The Children’s National Medical Center, in Washington, plans to announce Wednesday that it has received $150-million from the United Arab Emirates.
The donation, one of the biggest a charity in the United States has received from a foreign source, comes at a time when most wealthy American donors are pulling back. Only two other gifts of $100-million or more have been made so far this year, compared with 21 gifts of that size last year. Such sluggish giving is a key reason why a growing number of American charities are seeking money overseas.
At Children’s National Medical Center, the money from United Arab Emirates will pay for research and the development of new treatments designed to make pediatric surgeries more precise, less painful, and less invasive.
A Big Donor’s Persistence
The gift to Children’s came about in large part because of a push from the philanthropist Joseph E. Robert Jr., who in 2000 made a $25-million gift to establish a new surgical center at the medical center.
A decade ago, Mr. Robert’s son underwent a lengthy but successful surgery at Children’s, and several years later, Mr. Robert, chairman of a global real-estate and asset-management company, invited Kurt Newman, a surgeon who had cared for his son, and other Children’s officials to come to his home. There, over breakfast, Mr. Robert asked them what it would take for the medical center to become best in the world at pediatric surgery.
“We sat down here at the house with Kurt Newman, and I asked him to think in the future tense about what surgery would look like 20 years from now,” recalls Mr. Robert. “How will genetics play into it? I said go out and get the best and the brightest. I asked them to design it.”
It took three years, but working with Mr. Robert, the medical center developed some ambitious goals and a detailed business plan to swiftly advance children’s surgeries.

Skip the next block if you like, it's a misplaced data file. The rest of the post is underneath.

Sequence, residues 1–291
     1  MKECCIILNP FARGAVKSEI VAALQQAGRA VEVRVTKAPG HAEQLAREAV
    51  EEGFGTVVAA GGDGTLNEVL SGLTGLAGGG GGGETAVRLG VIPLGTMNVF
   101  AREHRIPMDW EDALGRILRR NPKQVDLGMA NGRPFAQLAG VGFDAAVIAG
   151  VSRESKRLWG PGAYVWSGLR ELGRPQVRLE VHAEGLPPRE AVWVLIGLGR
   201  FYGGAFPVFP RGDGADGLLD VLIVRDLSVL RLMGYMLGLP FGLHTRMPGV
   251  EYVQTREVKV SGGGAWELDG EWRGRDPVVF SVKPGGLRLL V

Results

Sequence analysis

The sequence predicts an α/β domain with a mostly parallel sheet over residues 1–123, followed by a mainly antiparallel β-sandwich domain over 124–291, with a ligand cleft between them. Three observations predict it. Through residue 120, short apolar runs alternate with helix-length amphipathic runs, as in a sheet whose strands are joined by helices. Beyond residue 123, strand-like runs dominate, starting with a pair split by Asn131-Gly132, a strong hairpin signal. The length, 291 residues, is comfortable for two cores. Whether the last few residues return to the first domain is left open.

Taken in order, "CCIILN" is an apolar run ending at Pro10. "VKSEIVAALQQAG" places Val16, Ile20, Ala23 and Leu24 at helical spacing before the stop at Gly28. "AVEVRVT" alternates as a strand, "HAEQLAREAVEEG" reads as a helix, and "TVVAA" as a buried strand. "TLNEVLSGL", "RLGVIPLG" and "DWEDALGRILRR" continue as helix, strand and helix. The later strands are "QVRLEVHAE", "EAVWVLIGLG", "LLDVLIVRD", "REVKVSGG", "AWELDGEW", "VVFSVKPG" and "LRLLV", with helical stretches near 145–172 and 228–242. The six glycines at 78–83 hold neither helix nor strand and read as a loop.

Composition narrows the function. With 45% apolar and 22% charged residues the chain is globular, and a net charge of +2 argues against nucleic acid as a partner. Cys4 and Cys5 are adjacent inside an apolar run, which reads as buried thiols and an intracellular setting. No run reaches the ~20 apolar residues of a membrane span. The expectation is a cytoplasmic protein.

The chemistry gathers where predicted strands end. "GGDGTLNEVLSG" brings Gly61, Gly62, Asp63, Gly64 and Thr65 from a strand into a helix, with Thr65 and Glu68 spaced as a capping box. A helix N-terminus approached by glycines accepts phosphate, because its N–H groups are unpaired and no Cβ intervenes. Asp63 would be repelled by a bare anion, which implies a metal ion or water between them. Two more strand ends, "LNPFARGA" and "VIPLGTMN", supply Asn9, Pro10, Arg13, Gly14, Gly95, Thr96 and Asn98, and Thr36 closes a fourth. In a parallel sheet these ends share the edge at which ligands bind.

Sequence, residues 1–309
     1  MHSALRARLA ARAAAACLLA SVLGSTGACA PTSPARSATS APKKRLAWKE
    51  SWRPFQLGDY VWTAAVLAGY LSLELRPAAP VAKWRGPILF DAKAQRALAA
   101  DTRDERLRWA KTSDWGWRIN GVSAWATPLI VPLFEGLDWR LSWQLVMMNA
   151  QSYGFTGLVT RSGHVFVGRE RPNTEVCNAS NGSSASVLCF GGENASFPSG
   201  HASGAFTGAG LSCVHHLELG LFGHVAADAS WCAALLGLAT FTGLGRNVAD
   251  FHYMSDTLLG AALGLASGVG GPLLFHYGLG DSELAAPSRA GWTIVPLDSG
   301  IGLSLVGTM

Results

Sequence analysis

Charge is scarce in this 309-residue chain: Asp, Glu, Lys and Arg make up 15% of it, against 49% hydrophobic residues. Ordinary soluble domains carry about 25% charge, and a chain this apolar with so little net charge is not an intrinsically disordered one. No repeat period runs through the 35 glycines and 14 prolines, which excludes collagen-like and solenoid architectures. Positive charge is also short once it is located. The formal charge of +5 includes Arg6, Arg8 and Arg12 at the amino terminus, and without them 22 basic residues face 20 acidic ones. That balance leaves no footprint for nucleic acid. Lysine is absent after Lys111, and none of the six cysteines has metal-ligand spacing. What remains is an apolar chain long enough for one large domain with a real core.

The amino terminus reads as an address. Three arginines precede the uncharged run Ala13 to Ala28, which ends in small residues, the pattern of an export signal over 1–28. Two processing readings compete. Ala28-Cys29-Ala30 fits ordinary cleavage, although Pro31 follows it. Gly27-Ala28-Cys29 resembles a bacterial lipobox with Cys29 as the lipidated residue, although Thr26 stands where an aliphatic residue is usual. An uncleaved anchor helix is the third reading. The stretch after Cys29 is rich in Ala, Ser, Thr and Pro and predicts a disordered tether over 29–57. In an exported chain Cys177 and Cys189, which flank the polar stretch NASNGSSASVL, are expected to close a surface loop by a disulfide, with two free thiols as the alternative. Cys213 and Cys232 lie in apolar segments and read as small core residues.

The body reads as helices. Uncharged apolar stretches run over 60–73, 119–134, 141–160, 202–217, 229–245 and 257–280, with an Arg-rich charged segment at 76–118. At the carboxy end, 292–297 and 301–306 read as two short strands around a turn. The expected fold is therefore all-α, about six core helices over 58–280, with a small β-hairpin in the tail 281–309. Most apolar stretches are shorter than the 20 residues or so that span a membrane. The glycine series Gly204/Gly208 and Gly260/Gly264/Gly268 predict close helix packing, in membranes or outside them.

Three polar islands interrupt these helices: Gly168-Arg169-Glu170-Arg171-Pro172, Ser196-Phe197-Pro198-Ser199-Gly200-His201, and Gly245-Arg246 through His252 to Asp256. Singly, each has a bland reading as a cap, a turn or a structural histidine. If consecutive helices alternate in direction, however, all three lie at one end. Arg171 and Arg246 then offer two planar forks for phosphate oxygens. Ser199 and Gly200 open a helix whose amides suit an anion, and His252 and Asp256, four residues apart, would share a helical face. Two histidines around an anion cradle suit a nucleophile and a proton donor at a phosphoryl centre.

The plan was to bring researchers, doctors, and other experts together to focus on four areas: developing medicines that eliminate pain, using children’s own immune systems to fight illness and prevent the need for surgery when possible, perfecting bioengineering techniques that make surgical treatments more precise, and tailoring treatments to a child’s genetic characteristics.
The price tag: at least $100-million.
Mr. Robert once again took the lead. Last year he showed the hospital’s proposal to the crown prince of Abu Dhabi, whom Mr. Robert knows from his business dealings in the United Arab Emirates.
It was not the first time the prince had heard about the medical center: For nearly 10 years, the Washington institution has treated children from the United Arab Emirates; to date, some 1,200 children from the country have traveled there for surgery or other treatment.
Soon the crown prince’s brother, Khalifa bin Zayed Al Nahyan, the president of the United Arab Emirates, was involved in talking about the hospital’s needs, and the Health Authority of Abu Dhabi, one of the country’s seven emirates, began working with the medical center on the project and agreed to provide $150-million.
The money from the United Arab Emirates has few strings attached. Children’s officials said that $60-million will be used to pay for research and programs, including hiring 125 new researchers and other employees, and $40-million will be used to improve facilities. Another $25-million will be used to create an endowment that will support a new institute focused on innovation. The final $25-million can be used for projects the hospital’s board wants to undertake.
Edwin K. Zechman, Children’s chief executive, said the gift was unusual not just for the size but also for its purpose. “It is not often that you get the resources to transform and innovate. A lot of the time you’re just focused on meeting the budget. Now we have a chance to have a global impact for kids.”
Adds Peter Holbrook, the institution’s chief medical officer: “This whole long saga started when Kurt Newman took care of Joe Robert’s son. That started a friendship that translated into Joe making his request to make things as good as possible. So this thing started with a personal connection, but it was followed by some really hard work that translates into a magnificent gift for children of the world.”